tlhIngan-Hol Archive: Wed May 20 06:39:46 2009
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Re: Question problem
David Trimboli (email@example.com)
> On May 18, 2009, at 9:50 PM, David Trimboli wrote:
>> Doq wrote:
>>> I wanted to ask, "Why are you starting slowly?"
>>> Suddenly, I realized that I had one grammatical slot to put two
>>> words in. I don't think we've been given any license to use two
>>> adverbials with a single verb, since adverbials don't have
>>> conjunctions like nouns and verbs do. Meanwhile, the question
>>> word for "why" is grammatically treated as an adverbial, so I'm
>> Is it? TKD 6.4 simply says the question words /nuqDaq/, /ghorgh/,
>> /qatlh/, and /chay'/ occur "at the beginning of the sentence." It
>> says nothing about them taking an "adverbial slot."
>> In fact, we don't know anything about "adverbial slots." TKD 5.4
>> simply says that most adverbials occur "at the beginning of a
>> sentence." We've never SEEN two adverbials in a single sentence
>> (not counting /neH/, which works differently), but that doesn't
>> automatically deny us the possibility.
>> Basic Klingon sentence structure seems to be very amorphous. I
>> picture it this way:
>> <header> <object> <verb> <subject>
>> where <header> is a nebulous blob containing all the bits that
>> aren't the object, the verb, or the subject. Timestamps tend to
>> come first, adverbials tend to come before nouns, question words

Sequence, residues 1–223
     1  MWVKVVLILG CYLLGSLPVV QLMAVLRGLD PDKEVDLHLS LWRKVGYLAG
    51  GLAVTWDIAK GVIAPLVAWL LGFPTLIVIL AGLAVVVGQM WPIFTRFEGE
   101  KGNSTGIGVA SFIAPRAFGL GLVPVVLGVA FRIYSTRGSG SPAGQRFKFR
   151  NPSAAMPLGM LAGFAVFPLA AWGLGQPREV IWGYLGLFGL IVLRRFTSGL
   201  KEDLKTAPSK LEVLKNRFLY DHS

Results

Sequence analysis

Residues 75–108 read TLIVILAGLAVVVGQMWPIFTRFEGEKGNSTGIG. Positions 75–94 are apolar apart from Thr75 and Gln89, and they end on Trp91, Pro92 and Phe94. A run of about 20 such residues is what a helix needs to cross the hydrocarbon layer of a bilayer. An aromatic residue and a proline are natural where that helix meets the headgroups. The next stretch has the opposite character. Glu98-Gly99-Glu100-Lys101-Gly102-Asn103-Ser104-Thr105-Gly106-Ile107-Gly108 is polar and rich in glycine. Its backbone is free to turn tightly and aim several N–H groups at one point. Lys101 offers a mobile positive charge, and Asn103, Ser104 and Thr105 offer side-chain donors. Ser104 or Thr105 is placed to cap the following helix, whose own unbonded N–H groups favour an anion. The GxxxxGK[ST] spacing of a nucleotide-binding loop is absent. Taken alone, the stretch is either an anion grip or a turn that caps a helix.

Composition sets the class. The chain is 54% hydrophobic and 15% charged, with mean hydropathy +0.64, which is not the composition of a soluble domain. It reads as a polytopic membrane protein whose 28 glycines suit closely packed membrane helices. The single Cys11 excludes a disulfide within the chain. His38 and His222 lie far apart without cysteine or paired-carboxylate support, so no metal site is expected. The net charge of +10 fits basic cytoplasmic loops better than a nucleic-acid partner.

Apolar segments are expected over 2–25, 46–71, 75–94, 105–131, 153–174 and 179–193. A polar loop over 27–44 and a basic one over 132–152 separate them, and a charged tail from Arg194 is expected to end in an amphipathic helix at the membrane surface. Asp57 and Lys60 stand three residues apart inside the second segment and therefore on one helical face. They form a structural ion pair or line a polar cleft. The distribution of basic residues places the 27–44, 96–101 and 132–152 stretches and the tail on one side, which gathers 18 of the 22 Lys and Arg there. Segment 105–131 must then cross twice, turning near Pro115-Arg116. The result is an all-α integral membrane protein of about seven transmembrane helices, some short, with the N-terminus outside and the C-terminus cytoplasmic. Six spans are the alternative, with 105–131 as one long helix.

>> tend to come before everything else. Of those tendencies, I think
>> only the one about timestamps is explicit (TKD p. 179); the others
>> probably come about due to our native language instincts. Strictly
>> speaking, according to the book, timestamps tend to come first,
>> adverbials tend to come last, and everything else appears between
>> the two.
>> This general structure has, of course, many exceptions. This is not
>> an all-inclusive formula.
>> qatlh QIt bItaghlI'?
>> (Notice the lowercase /q/ in /qatlh/!)
> We were told that question words take the place of the words that
> answer them.
We're told "For /'Iv/ "who?" and /nuq/ "what?" the question word fits in
the position that would be occupied by the answer."
> Of course, that doesn't resolve why we should prefer to have the
> adverbial or the question word first, except to mimic the English
> word order preference.
In the case of timestamps, it's fairly clear that they should come
first—although I bet Okrand wasn't considering the question words when
he wrote that.
Otherwise, we have nothing that tells us we have to mimic whatever would
be comfortable in English. As long as you're not overloading the
"header-space" with too many words to parse, feel free to order things
however you see fit.